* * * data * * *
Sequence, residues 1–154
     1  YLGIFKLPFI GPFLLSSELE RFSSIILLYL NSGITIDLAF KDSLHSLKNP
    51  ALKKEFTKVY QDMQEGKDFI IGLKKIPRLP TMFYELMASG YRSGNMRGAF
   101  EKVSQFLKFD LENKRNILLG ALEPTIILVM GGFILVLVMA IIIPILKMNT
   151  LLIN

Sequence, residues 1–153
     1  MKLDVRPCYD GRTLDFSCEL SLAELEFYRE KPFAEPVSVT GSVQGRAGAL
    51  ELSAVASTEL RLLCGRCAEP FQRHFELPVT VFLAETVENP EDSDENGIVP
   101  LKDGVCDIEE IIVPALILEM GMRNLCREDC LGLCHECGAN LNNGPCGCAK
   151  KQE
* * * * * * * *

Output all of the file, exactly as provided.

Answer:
Sequence, residues 1–154
     1  YLGIFKLPFI GPFLLSSELE RFSSIILLYL NSGITIDLAF KDSLHSLKNP
    51  ALKKEFTKVY QDMQEGKDFI IGLKKIPRLP TMFYELMASG YRSGNMRGAF
   101  EKVSQFLKFD LENKRNILLG ALEPTIILVM GGFILVLVMA IIIPILKMNT
   151  LLIN

Sequence, residues 1–153
     1  MKLDVRPCYD GRTLDFSCEL SLAELEFYRE KPFAEPVSVT GSVQGRAGAL
    51  ELSAVASTEL RLLCGRCAEP FQRHFELPVT VFLAETVENP EDSDENGIVP
   101  LKDGVCDIEE IIVPALILEM GMRNLCREDC LGLCHECGAN LNNGPCGCAK
   151  KQE